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The iPhone’s best new puzzle game is about NSA surveillance

The iPhone’s best new puzzle game is about NSA surveillance


TouchTone is an addictive time waster that makes you think

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The most popular mobile games don't demand much from you. You can zone out to Candy Crush Saga, and games like Threes only require your attention for short bursts. Out of sight, out of mind is a fine summation of my mobile gaming habit. TouchTone goes in a different direction. At its core it’s a series of logic puzzles, much like every other game on your smartphone; the difference is how they're framed. In the game, you're not solving puzzles in search of a high score to best your friends, but instead hacking into the personal emails and texts of ordinary citizens. The surveillance theme makes it feel completely different than anything else on the App Store.

"It just didn't feel complete, or like it had much of a soul, if it was just going to be puzzles on a grid," says artist Greg Wohlwend. "It just wasn't compelling."


The game puts you in the role of a citizen recruited by an NSA-like organization, where your job is simply to solve puzzles; the game features a clever mechanic that involves bouncing different colored lasers around a grid using mirror-like devices in order to get them where they need to be. Solving a puzzle feels sort of like a cyberpunk hacking scene from a 1990s movie, and that's precisely the point: as you complete levels, you're actually slowly hacking away at the personal information of a particular target. The first chapter deals with a budding Silicon Valley entrepreneur with ties to Iran, while the second ventures into the world of Wall Street. You'll read text messages and emails, and you're required to report suspicious behavior to your superiors by ticking a box on a form. While you see the story unfold from the perspective of the NSA-like group, the narrative that they tell is incredibly critical of the organization.

TouchTone started life as a simple prototype by designer Mike Boxleiter, which he initially built over the course of 48 hours. "Then we spent the next two and a half years figuring out what to add to it to make it interesting and meaningful," he explains. Boxleitter and Wohlwend had previously made games together under the label Mikengreg, including the colorful skiing game Solipskier, and work on TouchTone was sporadic for a while. During those two years Wohlwend also worked on mobile hits like Threes and Hundreds, while Boxleitter developed a number of personal projects that have yet to be released. It wasn't really until the Edward Snowden revelations happened that they realized the potential of TouchTone. "It just sort of all seemed to fit together," says Wohlwend.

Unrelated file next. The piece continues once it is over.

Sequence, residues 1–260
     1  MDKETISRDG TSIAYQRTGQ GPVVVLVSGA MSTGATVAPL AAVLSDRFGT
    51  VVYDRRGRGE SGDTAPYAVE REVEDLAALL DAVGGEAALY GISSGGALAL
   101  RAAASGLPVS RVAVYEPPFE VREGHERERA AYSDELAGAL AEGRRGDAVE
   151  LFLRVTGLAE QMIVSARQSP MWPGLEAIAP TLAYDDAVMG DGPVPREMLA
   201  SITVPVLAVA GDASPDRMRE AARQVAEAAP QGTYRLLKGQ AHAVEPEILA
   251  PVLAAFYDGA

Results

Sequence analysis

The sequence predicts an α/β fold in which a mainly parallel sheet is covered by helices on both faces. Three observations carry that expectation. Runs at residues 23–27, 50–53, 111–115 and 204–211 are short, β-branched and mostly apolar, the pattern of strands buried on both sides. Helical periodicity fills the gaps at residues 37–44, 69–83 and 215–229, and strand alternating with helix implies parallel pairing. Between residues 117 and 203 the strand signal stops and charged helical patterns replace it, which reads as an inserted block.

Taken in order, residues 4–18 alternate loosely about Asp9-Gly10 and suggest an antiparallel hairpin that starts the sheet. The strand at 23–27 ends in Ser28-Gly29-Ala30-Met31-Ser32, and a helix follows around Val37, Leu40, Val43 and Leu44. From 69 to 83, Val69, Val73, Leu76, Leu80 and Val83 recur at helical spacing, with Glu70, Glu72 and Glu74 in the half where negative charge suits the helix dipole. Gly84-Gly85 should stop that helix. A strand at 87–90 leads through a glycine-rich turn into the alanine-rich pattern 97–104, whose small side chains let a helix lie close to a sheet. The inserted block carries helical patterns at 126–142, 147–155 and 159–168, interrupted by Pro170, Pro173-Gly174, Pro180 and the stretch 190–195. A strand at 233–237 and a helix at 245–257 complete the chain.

"The more I researched about the Snowden stuff and the NSA, the more I started to get angry."

The game differs from most puzzle games, mobile or otherwise, in that it has a real story that unfolds as you play. Written by Boxleitter, it's a dark, clever tale that not only shows what it's like to live under NSA surveillance, but also touches on everything from startup culture to misogyny in the tech industry. According to the developers, TouchTone was originally a snarky, satirical game packed with jokes, but that didn't really fit with the message they were trying to communicate. It ultimately turned into something much more serious. "The more I researched about the Snowden stuff and the NSA, the more I started to get angry about it and felt that we should really try to say something," says Boxleitter. "While I was writing it, Gamergate was happening, and so I couldn't help but throw some of that into it, too."

Mobile isn't exactly the most welcoming venue for politically charged games — Apple has even gone so far as to ban games that touch on darker themes like Foxconn suicides. That makes the game a bit of a risk for the two-man team, whose biggest successes have come from much lighter, App Store-friendly fare. TouchTone's clever game mechanic is up there with the best smartphone puzzle games, but its theme and story telling make it a very different experience, both more compelling and potentially a much tougher sell. The duo’s previous game, Gasketball, experimented with different kinds of payment options, and it proved to largely be a failure. TouchTone is shaping up to be a similar risk.

"It's a huge experiment for us, and we won't know how well it turned out until it's out and people have reactions to it," says Boxleitter.

You can check out the game now on iOS.

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